"For sheer audacity, this is another classic howler from Irwin Allen`s epic disaster back catalogue! Michael Caine and Katharine Ross get all the unintentionally hilarious lines(CAINE: I never dreamed it would turn out to be the bees. They've always been our friends.) And these bees begin the movie by showing who really rules the skies by invading a nuclear missile silo and attacking the launch crew. They proceed to cause helicopter crashes(yes, that is in the plot!), attack a picnicking all-American family(yeeaahhh) and invade a town during its annual flower festival, causing many victims to run around like penguins trying to fly and fall all over the place looking utter idiots. As the military and scientists' attempts to wipe out the bees are miserable failures, the deadly swarm cause a spectacular train crash(special effects by the local model train shop), and much more mayhem. Then they head for (gulp!) HOUSTON! Can the all-star cast save the day??? We know the outcome, but if you would like an absolute laugh riot(I want to see the extended version myself!) and like to watch well-known names try to deadpan their way through some of the most unintentionally hilarious dialogue ever written for the screen, then this is the cheesy 1970s classic for you! The novel, by Arthur Herzog, incidentally, is much better."
So absolutely horrible its entertaining
James D. Leverton | San Marcos, CA USA | 08/28/2004
(2 out of 5 stars)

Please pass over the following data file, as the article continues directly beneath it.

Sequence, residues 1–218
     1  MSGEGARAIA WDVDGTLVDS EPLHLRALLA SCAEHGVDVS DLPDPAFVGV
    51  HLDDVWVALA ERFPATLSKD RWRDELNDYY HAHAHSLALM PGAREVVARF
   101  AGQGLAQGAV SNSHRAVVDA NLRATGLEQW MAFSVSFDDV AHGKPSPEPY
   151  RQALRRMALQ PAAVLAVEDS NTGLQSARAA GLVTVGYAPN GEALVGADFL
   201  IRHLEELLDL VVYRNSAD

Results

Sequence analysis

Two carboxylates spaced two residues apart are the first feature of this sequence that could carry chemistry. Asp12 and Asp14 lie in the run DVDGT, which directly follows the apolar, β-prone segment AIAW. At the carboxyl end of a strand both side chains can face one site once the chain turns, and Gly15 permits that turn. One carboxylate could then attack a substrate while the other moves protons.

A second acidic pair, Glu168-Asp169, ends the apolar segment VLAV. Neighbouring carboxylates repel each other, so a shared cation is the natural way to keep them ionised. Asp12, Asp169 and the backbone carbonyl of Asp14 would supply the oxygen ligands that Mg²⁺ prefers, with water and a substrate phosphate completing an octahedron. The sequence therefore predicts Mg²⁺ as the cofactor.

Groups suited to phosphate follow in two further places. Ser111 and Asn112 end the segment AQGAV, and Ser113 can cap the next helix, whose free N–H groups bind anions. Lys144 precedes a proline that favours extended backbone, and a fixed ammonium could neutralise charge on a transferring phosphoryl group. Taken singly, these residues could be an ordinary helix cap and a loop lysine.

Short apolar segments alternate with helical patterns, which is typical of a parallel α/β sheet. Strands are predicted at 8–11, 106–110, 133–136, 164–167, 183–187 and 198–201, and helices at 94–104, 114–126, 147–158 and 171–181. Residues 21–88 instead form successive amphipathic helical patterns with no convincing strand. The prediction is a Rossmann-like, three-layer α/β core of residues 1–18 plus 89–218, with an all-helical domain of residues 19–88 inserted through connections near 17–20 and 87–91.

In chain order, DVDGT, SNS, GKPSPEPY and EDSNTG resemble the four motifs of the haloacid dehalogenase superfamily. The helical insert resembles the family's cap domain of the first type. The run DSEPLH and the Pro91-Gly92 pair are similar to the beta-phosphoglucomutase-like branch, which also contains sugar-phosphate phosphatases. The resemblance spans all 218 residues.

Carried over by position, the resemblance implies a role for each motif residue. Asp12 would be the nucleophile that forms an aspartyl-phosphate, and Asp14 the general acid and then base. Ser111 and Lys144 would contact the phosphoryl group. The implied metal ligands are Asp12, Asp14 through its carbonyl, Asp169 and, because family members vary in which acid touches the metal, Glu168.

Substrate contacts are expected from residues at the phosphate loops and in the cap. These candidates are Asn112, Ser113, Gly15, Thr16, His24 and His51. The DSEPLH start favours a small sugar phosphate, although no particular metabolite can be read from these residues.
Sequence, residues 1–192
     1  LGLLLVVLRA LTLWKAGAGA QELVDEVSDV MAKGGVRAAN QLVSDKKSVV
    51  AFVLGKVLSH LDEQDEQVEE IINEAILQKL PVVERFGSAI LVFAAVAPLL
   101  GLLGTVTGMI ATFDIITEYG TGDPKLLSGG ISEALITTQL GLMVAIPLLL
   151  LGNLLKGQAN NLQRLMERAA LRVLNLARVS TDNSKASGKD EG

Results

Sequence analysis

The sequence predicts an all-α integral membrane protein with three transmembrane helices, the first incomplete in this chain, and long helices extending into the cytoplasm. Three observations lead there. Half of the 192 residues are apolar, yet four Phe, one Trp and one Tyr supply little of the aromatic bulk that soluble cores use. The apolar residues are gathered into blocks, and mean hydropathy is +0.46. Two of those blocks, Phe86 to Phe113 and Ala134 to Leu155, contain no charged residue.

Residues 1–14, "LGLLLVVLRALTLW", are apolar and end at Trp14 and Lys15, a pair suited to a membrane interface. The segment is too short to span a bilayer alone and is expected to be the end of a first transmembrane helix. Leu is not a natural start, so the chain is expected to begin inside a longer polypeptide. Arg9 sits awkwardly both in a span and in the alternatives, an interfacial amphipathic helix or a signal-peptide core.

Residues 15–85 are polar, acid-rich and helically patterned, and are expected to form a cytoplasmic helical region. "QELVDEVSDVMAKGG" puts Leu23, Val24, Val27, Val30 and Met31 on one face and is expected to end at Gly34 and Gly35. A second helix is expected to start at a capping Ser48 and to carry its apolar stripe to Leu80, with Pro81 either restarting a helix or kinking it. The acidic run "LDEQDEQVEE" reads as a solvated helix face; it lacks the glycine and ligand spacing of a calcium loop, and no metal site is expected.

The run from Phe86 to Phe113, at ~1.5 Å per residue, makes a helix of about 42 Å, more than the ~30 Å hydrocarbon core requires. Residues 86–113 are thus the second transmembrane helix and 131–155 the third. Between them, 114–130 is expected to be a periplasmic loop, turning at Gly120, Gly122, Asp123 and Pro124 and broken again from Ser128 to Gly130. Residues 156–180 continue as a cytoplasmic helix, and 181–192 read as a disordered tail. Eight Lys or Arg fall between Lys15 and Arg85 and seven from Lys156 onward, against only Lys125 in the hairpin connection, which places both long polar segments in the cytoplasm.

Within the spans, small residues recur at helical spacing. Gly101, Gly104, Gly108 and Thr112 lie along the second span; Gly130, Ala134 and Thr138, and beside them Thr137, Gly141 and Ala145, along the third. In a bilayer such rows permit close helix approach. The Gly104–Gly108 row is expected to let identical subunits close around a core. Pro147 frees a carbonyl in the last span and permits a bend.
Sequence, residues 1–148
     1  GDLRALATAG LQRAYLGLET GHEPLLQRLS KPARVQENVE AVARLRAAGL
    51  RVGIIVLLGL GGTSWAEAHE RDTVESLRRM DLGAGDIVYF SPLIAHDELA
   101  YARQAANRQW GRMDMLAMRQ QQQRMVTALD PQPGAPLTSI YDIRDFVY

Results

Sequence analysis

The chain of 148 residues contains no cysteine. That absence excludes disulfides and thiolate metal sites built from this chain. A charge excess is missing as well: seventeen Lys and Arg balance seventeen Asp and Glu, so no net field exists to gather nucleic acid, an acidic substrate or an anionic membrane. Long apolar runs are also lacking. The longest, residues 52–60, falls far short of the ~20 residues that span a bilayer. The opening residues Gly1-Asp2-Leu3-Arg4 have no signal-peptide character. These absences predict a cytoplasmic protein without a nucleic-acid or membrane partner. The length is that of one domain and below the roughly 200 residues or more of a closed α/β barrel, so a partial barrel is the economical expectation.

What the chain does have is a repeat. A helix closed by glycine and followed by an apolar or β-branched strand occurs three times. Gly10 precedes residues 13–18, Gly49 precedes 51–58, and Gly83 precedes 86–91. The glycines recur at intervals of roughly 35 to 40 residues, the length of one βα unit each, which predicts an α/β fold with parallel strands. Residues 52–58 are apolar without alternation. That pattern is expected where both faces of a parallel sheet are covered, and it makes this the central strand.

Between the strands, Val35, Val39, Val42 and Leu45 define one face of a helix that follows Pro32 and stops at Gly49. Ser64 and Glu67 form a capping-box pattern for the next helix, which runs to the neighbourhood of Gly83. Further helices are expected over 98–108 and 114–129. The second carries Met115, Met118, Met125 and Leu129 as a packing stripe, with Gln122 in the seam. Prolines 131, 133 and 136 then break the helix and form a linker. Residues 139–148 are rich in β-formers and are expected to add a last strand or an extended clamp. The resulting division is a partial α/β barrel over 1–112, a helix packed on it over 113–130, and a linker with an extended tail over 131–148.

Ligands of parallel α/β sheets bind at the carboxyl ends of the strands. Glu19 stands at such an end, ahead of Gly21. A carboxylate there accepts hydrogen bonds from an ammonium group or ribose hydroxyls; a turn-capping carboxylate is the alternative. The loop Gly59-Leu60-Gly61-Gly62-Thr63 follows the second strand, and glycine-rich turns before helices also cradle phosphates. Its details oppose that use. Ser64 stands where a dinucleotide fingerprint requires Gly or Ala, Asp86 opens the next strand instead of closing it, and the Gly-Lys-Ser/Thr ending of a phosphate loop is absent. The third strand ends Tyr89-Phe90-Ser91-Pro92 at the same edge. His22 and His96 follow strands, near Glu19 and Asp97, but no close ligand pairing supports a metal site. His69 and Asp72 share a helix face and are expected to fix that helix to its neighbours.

""The Swarm" (1978) was a box-office disaster when it was originally released. And no wonder, what with its bottom-of-the-barrel special effects, absolutely horrible, illogical script by Stirling Silliphant and direction by Irwin Allen that shows none of the professionalism or pacing of his best films--namely, "The Poseidon Adventure" and "The Towering Inferno." What's more, in its original, 115-minute form, it appears to have been edited by a meat cleaver and jumps from one calamity to another with such abruptness that after a while everything becomes laughable. Yet, I actually have a certain fondness for the thing, especially in its expanded, 156-minute DVD version, which is actually an improvement, basically since it is better paced and the characters and situations prove more tolerable. Yes, it is still a horrible film, but also oddly entertaining, much like watching William Hung on "American Idol." You know it stinks but you're fascinated anyway.